• GiveWell's conservative estimate: We assumed that all VillageReach costs (except for those explicitly allocated to its second project in Nampula, for which vaccination coverage data is not yet available) are attributable to the Cabo Delgado project, and that there is no impact of VillageReach on immunization coverage beyond 2008 (the last year for which we have data). We also assumed that starting in 2003, the difference in immunization coverage between Cabo Delgado and Niassa can be attributed to VillageReach's program. These assumptions yield an estimate of one additional child fully immunized for every ~$35 of VillageReach's expenses.41 If the Disease Control Priorities Report is correct to estimate that $15 per fully immunized child corresponds to $200 per death averted, this would imply that Village Reach is averting a child death for every ~$460 it spends, still well within the range discussed on our overview of cost-effectiveness estimates. (This estimate ignores government costs entirely, in order to give a sense of what is accomplished for donor money.)42

Room for more funds?

VillageReach sent us a document providing its plans for the near future, stating that "Expansion of the logistics platform in Niassa and Tete and the Cabo Delgado study is expected to cost approximately $3.5 million over three years. Ministerio da Saúde (MISAU) will fund approximately $1.2 million of that amount to cover infrastructure improvement and operating costs. VillageReach is seeking private charitable funding to cover the remaining $2.3 million for its technical assistance and additional investments in the management information system."43 A VillageReach representative told us that their internal fundraising goal for 2009 is $750,000. As of June 17, 2009, VillageReach had raised $200,000 towards that goal.44


All data comes from VillageReach's IRS form 990s for 2002-2007, available for download through the National Center for Charitable Statistics.45 Revenue and expense growth (about this metric): VillageReach reached a large five-year, $3.3 million grant agreement with the Gates Foundation in 2004,46 which explains the large jump reported revenues in 2004.47 In 2007, both revenues and expenses fell. It's possible that this is because VillageReach had completed its work in Mozambique and was largely focused on reviewing and evaluating that project. Assets-to-expenses ratio (about this metric): VillageReach has maintained an assets:expenses ratio of approximately 2:1, aside from the year (and year after) they received the Gates Foundation grant. Expenses by program area (about this metric): As far as we can tell, VillageReach has only one program area, the program described above. Expenses by IRS-reported category (about this metric): VillageReach maintains a reasonable "overhead ratio", spending approximately 70-80% of its budget on program expenses.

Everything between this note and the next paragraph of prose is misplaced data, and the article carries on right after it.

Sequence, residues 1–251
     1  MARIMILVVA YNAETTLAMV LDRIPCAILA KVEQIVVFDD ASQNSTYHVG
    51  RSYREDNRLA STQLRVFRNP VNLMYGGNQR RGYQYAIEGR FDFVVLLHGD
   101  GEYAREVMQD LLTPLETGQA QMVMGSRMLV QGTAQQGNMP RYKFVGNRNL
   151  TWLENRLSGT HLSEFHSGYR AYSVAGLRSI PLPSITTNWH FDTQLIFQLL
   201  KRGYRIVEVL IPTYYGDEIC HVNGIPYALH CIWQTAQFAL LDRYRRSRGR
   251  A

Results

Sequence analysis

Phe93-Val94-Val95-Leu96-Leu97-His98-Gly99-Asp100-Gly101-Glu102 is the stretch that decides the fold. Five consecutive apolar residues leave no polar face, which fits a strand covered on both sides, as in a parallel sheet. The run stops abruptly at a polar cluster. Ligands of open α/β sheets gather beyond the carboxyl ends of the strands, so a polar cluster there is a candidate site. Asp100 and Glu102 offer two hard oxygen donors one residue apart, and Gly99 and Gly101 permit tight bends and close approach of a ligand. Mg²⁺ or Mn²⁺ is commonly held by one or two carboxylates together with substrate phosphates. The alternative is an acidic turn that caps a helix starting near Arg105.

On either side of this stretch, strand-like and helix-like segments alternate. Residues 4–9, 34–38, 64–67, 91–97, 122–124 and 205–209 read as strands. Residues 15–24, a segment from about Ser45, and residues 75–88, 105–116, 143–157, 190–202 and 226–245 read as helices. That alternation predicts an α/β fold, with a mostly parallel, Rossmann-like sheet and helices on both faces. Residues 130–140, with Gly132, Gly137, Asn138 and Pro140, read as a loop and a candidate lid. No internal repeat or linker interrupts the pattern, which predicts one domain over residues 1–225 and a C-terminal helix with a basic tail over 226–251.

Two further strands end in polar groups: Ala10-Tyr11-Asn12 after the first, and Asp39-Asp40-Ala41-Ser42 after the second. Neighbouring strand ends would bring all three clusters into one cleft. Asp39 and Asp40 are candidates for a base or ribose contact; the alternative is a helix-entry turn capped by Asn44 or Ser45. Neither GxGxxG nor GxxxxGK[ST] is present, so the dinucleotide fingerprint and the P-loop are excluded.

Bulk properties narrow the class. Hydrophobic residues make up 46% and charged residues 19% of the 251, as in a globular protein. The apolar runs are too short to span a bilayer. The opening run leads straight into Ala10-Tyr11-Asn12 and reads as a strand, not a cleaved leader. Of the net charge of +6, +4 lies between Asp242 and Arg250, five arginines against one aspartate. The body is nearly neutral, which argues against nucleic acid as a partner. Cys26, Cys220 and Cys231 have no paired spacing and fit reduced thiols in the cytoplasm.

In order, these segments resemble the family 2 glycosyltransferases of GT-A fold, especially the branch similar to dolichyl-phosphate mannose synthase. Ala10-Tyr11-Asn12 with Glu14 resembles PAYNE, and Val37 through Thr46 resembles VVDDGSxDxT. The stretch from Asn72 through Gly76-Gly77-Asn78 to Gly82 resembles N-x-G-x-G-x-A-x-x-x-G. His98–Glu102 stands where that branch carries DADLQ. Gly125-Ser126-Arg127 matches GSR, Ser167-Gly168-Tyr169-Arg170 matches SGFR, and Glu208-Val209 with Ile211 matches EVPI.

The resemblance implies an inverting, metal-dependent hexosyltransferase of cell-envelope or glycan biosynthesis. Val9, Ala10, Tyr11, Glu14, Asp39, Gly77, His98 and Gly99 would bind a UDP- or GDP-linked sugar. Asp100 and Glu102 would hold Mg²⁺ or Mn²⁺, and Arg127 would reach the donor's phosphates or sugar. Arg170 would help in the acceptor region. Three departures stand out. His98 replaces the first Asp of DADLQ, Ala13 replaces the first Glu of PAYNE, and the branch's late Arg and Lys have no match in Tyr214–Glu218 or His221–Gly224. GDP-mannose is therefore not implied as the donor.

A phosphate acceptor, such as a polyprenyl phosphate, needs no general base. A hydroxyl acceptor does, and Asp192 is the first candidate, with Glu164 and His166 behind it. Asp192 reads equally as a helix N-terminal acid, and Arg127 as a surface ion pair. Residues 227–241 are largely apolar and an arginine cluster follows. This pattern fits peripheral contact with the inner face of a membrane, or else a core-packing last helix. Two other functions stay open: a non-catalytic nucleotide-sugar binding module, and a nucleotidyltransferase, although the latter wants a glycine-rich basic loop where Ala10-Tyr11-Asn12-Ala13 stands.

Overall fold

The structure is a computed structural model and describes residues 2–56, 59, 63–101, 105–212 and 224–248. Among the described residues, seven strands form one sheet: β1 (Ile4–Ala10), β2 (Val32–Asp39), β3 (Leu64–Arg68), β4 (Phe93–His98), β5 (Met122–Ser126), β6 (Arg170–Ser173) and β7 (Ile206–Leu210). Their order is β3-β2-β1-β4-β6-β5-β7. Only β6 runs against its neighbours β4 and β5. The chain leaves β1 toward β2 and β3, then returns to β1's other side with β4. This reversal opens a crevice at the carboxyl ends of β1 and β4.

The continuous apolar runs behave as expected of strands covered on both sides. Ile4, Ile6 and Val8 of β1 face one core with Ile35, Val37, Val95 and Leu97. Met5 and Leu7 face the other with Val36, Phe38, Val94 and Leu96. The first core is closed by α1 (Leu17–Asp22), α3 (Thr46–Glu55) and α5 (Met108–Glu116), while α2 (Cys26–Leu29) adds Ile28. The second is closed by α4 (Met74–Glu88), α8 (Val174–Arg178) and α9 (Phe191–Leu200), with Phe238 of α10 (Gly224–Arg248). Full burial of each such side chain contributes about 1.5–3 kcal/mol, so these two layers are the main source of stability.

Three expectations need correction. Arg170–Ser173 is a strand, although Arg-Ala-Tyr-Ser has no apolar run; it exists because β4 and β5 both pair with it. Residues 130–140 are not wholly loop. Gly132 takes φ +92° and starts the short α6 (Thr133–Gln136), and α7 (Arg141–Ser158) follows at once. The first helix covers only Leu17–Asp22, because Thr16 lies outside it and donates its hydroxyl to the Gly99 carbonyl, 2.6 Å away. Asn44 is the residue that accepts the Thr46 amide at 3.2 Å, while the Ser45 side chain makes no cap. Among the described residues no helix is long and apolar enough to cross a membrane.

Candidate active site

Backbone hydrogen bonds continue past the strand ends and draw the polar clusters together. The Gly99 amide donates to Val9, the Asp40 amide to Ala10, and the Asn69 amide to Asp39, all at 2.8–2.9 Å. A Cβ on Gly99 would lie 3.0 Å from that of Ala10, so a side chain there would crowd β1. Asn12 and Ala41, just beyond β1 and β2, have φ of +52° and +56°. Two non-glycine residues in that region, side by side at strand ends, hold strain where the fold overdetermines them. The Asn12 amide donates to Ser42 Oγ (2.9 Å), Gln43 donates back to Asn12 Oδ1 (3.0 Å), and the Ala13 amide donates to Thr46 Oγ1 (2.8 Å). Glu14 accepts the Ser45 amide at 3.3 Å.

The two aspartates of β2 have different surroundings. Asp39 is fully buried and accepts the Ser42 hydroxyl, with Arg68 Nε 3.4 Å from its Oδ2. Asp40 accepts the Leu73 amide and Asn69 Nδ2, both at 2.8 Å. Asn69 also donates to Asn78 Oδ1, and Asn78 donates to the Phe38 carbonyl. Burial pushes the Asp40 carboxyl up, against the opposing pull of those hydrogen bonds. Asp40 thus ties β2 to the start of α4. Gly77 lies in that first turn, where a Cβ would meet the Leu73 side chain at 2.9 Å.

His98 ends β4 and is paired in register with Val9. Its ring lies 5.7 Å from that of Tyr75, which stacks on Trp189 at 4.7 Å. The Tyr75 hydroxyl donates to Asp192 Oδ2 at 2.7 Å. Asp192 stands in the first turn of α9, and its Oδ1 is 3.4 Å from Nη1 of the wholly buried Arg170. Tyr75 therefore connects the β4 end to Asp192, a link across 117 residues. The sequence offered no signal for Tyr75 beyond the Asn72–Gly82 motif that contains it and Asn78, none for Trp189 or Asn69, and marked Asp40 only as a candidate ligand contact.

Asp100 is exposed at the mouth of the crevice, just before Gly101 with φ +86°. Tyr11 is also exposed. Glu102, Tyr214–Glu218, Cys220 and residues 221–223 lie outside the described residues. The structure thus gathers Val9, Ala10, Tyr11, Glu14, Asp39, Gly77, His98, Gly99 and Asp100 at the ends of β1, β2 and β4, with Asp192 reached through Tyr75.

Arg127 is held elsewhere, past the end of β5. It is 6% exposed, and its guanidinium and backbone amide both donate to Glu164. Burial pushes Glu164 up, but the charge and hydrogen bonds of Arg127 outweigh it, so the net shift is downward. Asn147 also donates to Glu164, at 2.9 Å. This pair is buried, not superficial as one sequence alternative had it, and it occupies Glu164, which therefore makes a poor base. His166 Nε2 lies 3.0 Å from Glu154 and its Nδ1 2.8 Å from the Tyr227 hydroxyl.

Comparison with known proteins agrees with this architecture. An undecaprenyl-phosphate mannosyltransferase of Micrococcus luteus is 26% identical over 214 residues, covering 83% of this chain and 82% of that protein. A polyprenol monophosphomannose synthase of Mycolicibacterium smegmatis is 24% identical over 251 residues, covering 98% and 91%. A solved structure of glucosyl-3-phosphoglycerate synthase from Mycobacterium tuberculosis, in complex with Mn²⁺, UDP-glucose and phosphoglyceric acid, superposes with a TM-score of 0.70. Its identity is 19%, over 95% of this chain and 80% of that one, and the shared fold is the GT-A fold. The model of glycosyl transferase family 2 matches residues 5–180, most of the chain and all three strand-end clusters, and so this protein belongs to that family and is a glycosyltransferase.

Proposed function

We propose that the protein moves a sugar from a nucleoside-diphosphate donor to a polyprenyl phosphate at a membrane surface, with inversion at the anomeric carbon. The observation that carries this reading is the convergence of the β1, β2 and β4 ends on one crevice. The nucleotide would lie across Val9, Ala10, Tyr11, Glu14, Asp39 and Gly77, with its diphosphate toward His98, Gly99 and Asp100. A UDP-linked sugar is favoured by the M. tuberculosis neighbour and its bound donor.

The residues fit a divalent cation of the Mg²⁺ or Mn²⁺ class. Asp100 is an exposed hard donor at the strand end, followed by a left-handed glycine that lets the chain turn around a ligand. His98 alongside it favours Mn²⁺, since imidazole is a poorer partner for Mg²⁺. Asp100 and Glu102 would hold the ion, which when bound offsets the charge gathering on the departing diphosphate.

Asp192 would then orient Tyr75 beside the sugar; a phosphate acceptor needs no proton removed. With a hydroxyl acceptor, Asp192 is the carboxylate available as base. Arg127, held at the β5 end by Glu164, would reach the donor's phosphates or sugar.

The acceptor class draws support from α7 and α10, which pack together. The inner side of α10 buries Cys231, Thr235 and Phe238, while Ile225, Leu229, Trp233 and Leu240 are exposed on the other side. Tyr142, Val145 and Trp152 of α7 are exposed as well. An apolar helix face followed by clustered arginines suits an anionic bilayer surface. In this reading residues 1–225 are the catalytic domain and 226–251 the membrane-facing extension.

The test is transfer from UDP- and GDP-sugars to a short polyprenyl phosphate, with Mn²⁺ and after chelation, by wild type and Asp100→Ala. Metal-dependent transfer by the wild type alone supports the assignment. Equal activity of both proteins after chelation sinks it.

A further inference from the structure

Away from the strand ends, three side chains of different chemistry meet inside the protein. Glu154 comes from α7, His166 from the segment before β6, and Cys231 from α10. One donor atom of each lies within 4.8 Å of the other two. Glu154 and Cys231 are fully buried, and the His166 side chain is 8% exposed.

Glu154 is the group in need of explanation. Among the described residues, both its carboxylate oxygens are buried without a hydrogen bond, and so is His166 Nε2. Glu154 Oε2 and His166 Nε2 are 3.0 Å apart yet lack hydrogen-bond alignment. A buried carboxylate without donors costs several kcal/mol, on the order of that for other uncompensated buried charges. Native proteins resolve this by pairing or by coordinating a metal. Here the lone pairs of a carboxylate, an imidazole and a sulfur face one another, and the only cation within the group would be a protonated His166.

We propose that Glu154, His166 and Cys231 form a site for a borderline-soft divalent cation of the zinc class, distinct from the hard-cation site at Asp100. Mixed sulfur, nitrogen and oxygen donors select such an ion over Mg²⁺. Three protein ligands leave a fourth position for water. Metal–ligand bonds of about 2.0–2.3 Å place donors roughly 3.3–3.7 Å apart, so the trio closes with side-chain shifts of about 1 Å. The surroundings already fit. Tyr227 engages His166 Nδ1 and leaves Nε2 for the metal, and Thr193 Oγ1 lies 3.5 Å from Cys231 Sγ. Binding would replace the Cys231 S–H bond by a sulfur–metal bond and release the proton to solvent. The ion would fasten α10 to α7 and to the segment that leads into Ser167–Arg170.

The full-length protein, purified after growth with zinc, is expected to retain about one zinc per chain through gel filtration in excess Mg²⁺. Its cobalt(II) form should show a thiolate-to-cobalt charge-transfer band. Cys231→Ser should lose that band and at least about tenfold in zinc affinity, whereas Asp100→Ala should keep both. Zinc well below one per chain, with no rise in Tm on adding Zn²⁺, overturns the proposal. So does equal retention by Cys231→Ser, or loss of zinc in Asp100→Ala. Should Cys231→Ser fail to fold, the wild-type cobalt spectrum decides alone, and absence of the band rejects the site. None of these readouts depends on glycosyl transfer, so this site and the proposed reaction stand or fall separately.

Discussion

Unanswered questions

  • Room for more funds. VillageReach is currently seeking to raise $750,000 to expand its operations in Mozambique. We have not yet seen a detailed budget projection for this expansion. We also have little sense of how likely VillageReach is to reach its goal or of how funds in excess of $750,000 would be used.
  • Does VillageReach have a lasting impact? As discussed above, there is some evidence that program performance has deteriorated in Cabo Delgado since the local government assumed responsibility for continuing the program. We await more information about whether the government can and will be able to maintain VillageReach's apparent improvements.


  • [30x7 sampling explanation], accessed 8/17/2009.
  • Audited Financial Statements. 2008. Available online here, accessed 8/17/2009.
  • Cabo Delgado Logistics Assessment Report. 2002. Available online here, accessed 8/17/2009.
  • Phone conversation with Director of Strategic Development John Beale, President Allen Wilcox and Finance and Program Administration Manager Becca Miller, 5/21/2009.
  • Skoll Foundation Application Narrative and supporting documents. 2008. VillageReach requested that we not post this document online.
  • USAID: Measure DHS Program. Online at, accessed 8/17/09.
  • VillageReach Evaluation of the Project to Support PAV. 2008. Summary available online at, accessed 8/17/09. VillageReach has informed us that they plan to post the full text online in the future.
  • VillageReach Five Year Project Report. 2008. Available online here, accessed 8/17/09.
  • VillageReach Evaluation of the Project to Support PAV: Statistical Analysis. 2008. VillageReach has informed us that they plan to post this document online in the future.
  • Village Reach Board of Directors and Key Personnel. Available at and, accessed 8/17/09.
  • VillageReach Cost Estimates. Available online here, 8/17/3009.
  • VillageReach. "Mozambique Expansion Summary". Available online here, accessed 8/17/2009.
  • VillageReach. 2009. "Comparison of costs incurred in dedicated and diffused vaccination logistics systems: cost-effectiveness of vaccine logistics in Cabo Delgado and Niassa provinces, Mozambique." Summary available online at, accessed 8/17/09. VillageReach has asked us not to post the full text online.
  • VillageReach. 2009. "Improving Vaccination Distribution Systems". Available online here and at, accessed 8/17/2009.
  • VillageReach. March 2009. "Optimize Overview". Available online here, accessed 8/17/2009.
  • VillageReach. 2009. Rotary Seattle Presentation. Available online here, accessed 6/30/2009.